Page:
|Birth: ||Sep. 29, 1834|
|Death: ||Jan. 4, 1918|
She was a teacher from 1876 to 1882 at the Huguenot Seminary in Wellington, Cape of Good Hope, South Africa.
Later she worked for 17 years with poor mountain whites in northern Alabama. She also taught in Kansas and Nebraska and in a Hartford school for the blind.
She took up residency in Stockbridge, Massachusetts, and joined two of her sisters (M. Adele and Elizabeth) -- together with Alice Byington (a friend who lived with them) -- in running a girls' school.
She never married.
In 1904 she single-handedly staged the first successful sit-down strike in the United States. The New England Telephone Company planned to put a pole in her front yard, and they began digging the hole. But Emilia Brewer came out and sat in the hole, blocking their efforts. In fact, she stayed there overnight, sleeping in a tent provided by a kind neighbor. So the Telephone Company finally managed to install the pole across the street.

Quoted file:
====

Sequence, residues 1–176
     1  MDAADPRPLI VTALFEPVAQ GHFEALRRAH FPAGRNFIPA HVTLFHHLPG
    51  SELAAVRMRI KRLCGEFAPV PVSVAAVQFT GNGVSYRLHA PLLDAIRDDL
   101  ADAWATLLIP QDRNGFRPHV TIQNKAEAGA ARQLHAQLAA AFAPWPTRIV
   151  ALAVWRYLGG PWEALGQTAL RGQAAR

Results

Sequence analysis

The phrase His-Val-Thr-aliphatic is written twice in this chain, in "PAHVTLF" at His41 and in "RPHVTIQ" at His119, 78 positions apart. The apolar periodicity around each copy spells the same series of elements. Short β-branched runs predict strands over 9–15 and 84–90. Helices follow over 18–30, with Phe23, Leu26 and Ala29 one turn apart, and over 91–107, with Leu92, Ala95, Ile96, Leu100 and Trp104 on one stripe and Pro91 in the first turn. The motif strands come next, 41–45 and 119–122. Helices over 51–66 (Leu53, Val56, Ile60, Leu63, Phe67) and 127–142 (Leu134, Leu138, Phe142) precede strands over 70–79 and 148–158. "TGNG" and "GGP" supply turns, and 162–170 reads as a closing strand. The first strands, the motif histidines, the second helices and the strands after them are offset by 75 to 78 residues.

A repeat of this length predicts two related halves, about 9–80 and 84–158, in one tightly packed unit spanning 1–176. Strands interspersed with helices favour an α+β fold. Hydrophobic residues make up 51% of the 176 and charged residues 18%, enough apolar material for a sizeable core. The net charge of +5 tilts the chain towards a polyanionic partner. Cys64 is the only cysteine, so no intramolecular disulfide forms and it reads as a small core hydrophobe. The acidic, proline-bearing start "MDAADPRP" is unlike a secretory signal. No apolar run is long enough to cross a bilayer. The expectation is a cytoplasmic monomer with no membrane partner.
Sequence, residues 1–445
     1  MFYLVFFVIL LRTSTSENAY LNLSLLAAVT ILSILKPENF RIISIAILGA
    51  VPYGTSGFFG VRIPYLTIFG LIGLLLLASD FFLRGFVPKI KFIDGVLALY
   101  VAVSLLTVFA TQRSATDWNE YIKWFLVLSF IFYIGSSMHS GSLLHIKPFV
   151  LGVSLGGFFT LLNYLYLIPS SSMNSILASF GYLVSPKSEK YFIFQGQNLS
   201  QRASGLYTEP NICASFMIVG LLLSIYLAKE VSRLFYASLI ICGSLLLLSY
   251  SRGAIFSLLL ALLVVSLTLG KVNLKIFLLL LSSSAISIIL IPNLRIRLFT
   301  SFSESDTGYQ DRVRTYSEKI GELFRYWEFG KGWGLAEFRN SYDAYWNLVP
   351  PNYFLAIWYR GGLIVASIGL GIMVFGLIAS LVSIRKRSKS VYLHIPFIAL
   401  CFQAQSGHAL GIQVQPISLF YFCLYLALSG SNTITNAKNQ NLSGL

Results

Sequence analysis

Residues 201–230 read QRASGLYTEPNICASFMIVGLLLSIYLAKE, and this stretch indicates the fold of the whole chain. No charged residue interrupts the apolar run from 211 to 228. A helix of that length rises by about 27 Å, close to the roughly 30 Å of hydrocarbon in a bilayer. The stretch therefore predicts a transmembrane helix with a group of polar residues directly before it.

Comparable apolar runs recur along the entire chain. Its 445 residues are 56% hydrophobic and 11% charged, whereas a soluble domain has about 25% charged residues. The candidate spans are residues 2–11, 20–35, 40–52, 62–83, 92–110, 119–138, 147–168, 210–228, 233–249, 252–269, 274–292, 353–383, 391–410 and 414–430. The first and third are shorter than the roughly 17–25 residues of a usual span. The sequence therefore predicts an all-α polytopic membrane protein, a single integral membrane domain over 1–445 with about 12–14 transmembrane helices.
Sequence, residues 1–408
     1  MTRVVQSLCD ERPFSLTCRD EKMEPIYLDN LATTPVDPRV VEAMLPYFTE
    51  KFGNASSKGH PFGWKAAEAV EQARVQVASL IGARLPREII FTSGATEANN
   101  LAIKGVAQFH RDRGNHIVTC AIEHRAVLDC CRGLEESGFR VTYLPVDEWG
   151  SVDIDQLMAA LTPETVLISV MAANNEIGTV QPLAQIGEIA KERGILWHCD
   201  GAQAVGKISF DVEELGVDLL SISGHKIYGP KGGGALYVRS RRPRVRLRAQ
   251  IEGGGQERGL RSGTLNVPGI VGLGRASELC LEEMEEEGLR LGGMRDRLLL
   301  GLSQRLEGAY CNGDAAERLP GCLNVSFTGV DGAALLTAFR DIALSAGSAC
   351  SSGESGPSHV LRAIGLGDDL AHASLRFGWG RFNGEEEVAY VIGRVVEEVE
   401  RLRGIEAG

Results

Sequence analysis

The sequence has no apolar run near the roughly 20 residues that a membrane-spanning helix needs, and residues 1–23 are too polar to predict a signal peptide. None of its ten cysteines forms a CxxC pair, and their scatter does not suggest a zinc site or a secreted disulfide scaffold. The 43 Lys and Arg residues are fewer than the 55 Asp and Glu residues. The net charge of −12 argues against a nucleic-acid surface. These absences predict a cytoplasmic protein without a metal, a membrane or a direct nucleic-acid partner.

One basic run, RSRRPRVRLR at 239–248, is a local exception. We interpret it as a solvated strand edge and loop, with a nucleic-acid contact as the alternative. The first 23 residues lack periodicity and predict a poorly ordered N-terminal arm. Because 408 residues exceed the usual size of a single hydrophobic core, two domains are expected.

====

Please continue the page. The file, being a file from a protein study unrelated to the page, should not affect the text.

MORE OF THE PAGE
Josiah Brewer (1796 - 1872)
Emilia Ann Field Brewer (1807 - 1861)
Henrietta Whitney Brewer Bidwell (1831 - 1901)*
Fisk Parsons Brewer (1832 - 1890)*
Emilia Field Brewer (1834 - 1918)
David Josiah Brewer (1837 - 1910)*
Marshall Bidwell Brewer (1840 - 1862)*
Mary Adele Brewer (1842 - 1934)*
Elizabeth Hale Brewer (1847 - 1913)*
Emilia Field Brewer
1834 - 1918
Which Is Far Better
Plot: Brewer Plot across from the David Dudley Field Sr. plot
Maintained by: Wilma Spice
Originally Created by: Diane Gravlee
Record added: Jun 04, 2009
Find A Grave Memorial# 37929076